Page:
News features and technical articles about the evolution of aquaculture, one of the world’s fastest growing industries.

Phytogenics help improve performance in aquatic species

Pedro Encarnação Ph.D.

Class of feed additives improve feeding efficiency and digestion, reduce nitrogen excretion, improve gut flora

There is increasing evidence that essential oils can help improve growth and feed efficiency in fish and shrimp, as well as control certain bacterial diseases.

Phytogenics comprise a relatively young class of feed additives that are gaining interest within the aquaculture industry. The plant-derived products are added to feed to improve animal performance. These active phenolic and flavonoid ingredients can exert multiple effects, including improvement of feeding efficiency and digestion, reduction of nitrogen excretion and improvement of gut flora and health status.

Many mechanisms have been proposed for the beneficial actions of plant extracts in different species. These range from direct reduction in gut bacteria, to stimulation of growth and acid production by beneficial species such as Lactobacillus, to the enhancement of specific elements of both humeral and cell-mediated arms of the immune system.

Phytogenic feed additives are an extremely heterogeneous group of feed additives that originate from leaves, roots, tubers or fruits of herbs, spices or other plants. They are available in solid, dried or ground forms, or as extracts or essential oils.

Within phytogenic feed additives, the content of active substances in products can vary widely depending upon the plant part used (e.g., seeds, leaf, root, bark), harvesting season and geographical origin. Phytogenics can have antioxidative and/or antimicrobial activity. Additionally, some phytogenics are used to increase the digestibility of diets, which can also lead to higher growth rates in animals.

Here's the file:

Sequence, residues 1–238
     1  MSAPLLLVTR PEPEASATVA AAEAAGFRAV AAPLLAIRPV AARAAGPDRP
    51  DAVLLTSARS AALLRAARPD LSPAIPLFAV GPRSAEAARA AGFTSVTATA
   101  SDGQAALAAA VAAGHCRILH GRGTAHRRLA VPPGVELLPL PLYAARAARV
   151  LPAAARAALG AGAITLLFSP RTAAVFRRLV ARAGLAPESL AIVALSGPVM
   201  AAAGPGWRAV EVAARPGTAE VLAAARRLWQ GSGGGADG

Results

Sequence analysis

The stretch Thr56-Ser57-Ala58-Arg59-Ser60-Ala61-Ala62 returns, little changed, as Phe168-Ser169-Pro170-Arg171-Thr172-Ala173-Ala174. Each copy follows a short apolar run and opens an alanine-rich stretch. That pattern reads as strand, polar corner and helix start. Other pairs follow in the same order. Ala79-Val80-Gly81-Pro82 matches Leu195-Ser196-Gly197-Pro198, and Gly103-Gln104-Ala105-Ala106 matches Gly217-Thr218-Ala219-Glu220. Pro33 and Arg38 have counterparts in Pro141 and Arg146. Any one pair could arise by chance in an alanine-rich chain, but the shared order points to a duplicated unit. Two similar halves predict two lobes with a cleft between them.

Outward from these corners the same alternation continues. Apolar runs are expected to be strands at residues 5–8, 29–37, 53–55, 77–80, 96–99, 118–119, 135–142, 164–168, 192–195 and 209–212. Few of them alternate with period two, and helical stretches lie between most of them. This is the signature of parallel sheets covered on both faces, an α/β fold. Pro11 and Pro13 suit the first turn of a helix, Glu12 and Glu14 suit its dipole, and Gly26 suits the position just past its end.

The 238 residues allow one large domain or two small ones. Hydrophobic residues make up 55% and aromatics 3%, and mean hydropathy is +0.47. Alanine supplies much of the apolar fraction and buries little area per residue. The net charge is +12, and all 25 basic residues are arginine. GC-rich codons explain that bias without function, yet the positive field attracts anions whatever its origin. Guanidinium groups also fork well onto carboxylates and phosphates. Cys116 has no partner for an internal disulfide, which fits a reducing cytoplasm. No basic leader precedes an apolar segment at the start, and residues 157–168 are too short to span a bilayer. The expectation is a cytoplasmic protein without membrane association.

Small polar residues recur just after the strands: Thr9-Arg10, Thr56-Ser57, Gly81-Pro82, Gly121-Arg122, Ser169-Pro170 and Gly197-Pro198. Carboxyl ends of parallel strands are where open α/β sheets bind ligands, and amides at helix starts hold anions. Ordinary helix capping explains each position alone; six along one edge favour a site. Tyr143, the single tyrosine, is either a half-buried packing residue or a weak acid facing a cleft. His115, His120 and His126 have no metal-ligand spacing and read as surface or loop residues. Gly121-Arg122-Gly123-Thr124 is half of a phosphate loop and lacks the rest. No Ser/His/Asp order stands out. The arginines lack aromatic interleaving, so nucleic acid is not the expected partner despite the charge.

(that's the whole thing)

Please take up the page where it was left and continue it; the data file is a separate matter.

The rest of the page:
sea bream
Fig. 1: Protein and fat retention in sea bream as affected by supplementation of diets with essential oils. Bars with different letters differ significantly (P < 0.05). Source: Rodrigues et al., 2012.

Essential oils

Essential oils are odoriferous, secondary plant products that contain most of plants’ active compounds (e.g., alcohol, aldehydes, ketones and phenolic compounds). Processing via cold expression, steam distillation or extraction with non-aqueous solvents modifies the active substances and associated compounds within the final products.

Fig. 2: Growth performance of Pangasius fed diets with and without essential oils during commercial production in Vietnam.

The plant family of Labiatae has received the most phytogenic interest, with thyme, oregano and sage the most popular representatives. Research on the antimicrobial activity of essential oils demonstrated their inhibition effects on the bacteria Vibrio harveyi, Vibrio parahaemolyticus, Streptococcus agalactiae, Aeromonas hydrophila and Aeromonas salmonicida.

Higher inhibitory capacity has been observed in the oils with higher percentages of the phenolic components carvacrol and thymol in comparison with oils containing monoterpenic alcohol linalool. These phenolic compounds are powerful antimicrobial agents due to their toxic effects on bacterial cell walls. The antimicrobial mode of action is considered to arise mainly from the potential of hydrophobic essential oils to penetrate the bacterial cell membranes, disintegrate membrane structures and cause ion leakage.

Many essential oils components are generally recognized as safe and have been used for many years in the food, cosmetic and pharmaceutical industries. Among the herbs and spices used in animal nutrition, oregano is probably used most frequently, as it is rich in carvacrol and thymol, which are known to have strong antibacterial and antioxidative properties and described as acting synergistically.

Effects in aquaculture species

Fig. 3: Feed conversion of Pangasius fed diets with and without essential oils during commercial production in Vietnam.

In animal nutrition, phytogenics are an interesting category of feed additives due to their different effects. Most studies on the application of essential oils have been conducted with swine and poultry. However, there is increased evidence that the application of phytogenics can also be beneficial for some aquaculture species, such as fish and shrimp.

A series of trials conducted with the phytogenic product Biomin PEP-MGE have shown the positive effects of essential oils in pangasius, channel catfish, red tilapia, sea bream and white shrimp.